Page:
Northfield, parent of seven present Monroe County towns, was set off as a unit of Ontario County, NY. In 1788, the land was made available after the Revolutionary War and the Treaty of Buffalo Creek. Land developers and entrepreneurs, named Oliver Phelps and Nathaniel Gorham, had purchased approximately two million acres, which was divided into Ranges and Townships. The tract reached from the Pennsylvania border to Lake Ontario, with its eastern boundary line passing through Seneca Lake and the western boundary was the Genesee River.
It has long been assumed that two cousins by the name of Simon and Israel Stone came to what is now Pittsford, purchased over 13,000 acres of land from the developers Phelps and Gorham. These two young men were veterans of the Revolutionary War and had perhaps seen this fertile area when accompanying Sullivan on his march through this area. These Stone cousins had come from Salem NY in Washington County near the Vermont border. The area was called Northfield.
The cousins cleared dense forest, built two log houses - one near the Big Spring - at the approximate site of 38 State Street. After establishing the small settlement, they returned to Salem where there was a large contingent of family, many named Stone, some named Nye, Dunn, and Dodge. By summer of 1789, parts of those lands had been resold and the land lying at the strategic Indian Landing on Irondequoit Creek was sold to John Lusk, whose family came from Berkshire County, Massachusetts.
John Lusk purchased land at the bay but did not remain to develop the parcels. He returned to Massachusetts and left his son, Stephen, who later moved to Pittsford where he farmed and followed his trade as a tanner. At approximately the same time, where the present village of Pittsford stands, a tiny settlement was growing up at the junction of a road leading from Bloomfield and Lima to join the trail leading to the Landing. The residents there at "Stonetown" were almost all "kissing cousins".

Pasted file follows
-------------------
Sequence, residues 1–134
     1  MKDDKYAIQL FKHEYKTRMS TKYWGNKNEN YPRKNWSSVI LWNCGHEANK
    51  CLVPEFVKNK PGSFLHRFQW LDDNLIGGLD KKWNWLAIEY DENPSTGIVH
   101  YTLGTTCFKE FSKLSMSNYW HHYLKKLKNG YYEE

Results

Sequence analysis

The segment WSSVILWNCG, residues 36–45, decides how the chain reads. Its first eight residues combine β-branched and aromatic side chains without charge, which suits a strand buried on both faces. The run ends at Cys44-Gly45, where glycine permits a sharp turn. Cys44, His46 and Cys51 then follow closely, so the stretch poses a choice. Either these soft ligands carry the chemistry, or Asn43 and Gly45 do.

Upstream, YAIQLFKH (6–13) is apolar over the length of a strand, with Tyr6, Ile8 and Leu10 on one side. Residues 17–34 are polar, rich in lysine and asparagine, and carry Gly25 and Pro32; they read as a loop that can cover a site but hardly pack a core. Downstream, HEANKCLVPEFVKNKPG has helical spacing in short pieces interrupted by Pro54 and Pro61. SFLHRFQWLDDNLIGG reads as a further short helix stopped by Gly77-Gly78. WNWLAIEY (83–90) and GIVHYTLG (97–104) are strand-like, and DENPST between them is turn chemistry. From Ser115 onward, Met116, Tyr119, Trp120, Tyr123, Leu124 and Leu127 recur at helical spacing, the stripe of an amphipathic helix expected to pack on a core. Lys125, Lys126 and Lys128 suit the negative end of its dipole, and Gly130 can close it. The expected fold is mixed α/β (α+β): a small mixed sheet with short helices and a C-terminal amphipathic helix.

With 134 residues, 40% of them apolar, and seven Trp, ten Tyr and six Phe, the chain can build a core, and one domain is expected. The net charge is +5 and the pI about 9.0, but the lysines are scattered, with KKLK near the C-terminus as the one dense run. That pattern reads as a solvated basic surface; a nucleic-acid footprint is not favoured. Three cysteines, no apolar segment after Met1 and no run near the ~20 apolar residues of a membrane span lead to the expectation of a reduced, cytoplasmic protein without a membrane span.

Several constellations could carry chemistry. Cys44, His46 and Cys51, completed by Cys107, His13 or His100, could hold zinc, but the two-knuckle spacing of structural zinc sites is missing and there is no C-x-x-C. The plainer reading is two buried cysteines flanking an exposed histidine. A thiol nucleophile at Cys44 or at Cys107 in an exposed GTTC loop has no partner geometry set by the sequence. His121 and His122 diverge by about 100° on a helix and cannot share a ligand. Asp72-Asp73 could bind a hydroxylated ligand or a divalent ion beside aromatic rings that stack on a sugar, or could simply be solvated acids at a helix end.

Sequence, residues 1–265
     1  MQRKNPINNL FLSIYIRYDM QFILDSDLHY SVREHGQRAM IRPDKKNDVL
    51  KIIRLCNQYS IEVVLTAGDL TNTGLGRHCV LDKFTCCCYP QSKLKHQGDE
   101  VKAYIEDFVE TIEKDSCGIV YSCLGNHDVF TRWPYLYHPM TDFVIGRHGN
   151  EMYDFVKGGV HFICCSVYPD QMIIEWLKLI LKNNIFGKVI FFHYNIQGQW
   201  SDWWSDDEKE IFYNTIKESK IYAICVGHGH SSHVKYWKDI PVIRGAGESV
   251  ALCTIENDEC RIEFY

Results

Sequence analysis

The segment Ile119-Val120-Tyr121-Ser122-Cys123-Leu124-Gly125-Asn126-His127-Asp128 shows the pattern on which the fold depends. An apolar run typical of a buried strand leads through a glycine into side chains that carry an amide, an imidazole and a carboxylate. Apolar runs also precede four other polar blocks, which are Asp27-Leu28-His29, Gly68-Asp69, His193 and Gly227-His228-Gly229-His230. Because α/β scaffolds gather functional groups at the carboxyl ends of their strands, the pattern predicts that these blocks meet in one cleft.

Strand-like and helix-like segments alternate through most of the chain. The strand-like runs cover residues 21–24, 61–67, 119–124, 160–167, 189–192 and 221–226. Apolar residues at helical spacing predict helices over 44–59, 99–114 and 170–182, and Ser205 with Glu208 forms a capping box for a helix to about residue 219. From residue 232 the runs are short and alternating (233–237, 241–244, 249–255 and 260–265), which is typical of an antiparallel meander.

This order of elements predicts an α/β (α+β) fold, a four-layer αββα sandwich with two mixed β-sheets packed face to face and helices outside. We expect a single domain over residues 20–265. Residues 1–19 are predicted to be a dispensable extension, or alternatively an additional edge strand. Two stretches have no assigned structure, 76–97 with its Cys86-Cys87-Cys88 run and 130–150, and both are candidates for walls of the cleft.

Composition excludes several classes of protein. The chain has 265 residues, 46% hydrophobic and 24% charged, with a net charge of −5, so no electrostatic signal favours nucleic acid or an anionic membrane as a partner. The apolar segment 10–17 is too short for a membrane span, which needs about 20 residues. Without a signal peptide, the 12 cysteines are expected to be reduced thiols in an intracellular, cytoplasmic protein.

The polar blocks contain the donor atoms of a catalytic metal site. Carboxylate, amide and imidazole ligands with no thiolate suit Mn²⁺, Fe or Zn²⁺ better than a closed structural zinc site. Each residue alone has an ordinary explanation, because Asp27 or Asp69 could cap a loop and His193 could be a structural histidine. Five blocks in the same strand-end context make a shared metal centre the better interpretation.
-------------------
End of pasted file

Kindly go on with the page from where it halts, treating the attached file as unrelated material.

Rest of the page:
Caleb Hopkins had arrived in 1791 and in the decade from 1790 to 1800, there were several other men who also came to Pittsford. By 1796, there were enough settlers in this wide area to justify the creation of a town government. The first Northfield town meeting was held April 5, 1796, at the home of Paul Richardson in what is now called Pittsford Village. The records of this early pioneer settlement are gleaned from the diligent writings of the town clerk, Dr. John Ray. His old, hand-written record book is carefully preserved in the office of the Town Historian.
Now, what about Simon and Israel Stone? They had returned to Salem and had persuaded many relatives and friends to join them in this fertile valley of inexpensive land, just ripe for establishing large farms. I am sure the two men made a tidy profit on reselling much of the acreage. Simon stayed, married Hannah Nye and together they had five children. Their homestead was on East Street and at one time Simon sold his neighbors a small plot of land that was to become a cemetery. It is there that Simon is buried. Someday there will be a marker from the Sons of the American Revolution marking his grave. (More about Simon in another article.)
Israel married Lucy Root and there were no children from this union. Israel died at the early age of 35 and there is no record of a burying place. Stone did travel frequently between Northfield and Salem and it is conjectured that he might have died on one of his trips. So far, I have not been able to find a final resting place for Israel nor for his wife, Lucy, who married three more times before her death. It is said that she spent much of her life trying to collect the monies due her husband from the sale of land from his early purchase.
Northfield became Boyle in 1803; when Penfield and Perinton had been established and separated. In 1813 the name was changed to Smallwood and when Brighton was separated from the town, it was renamed Pittsford by Caleb Hopkins after his hometown of Pittsford, Vermont. Pittsford was divided again when Henrietta was established in 1818. Brighton was divided in 1839 when Irondequoit was formed and in 1840, Penfield and Webster were formed as two separate towns.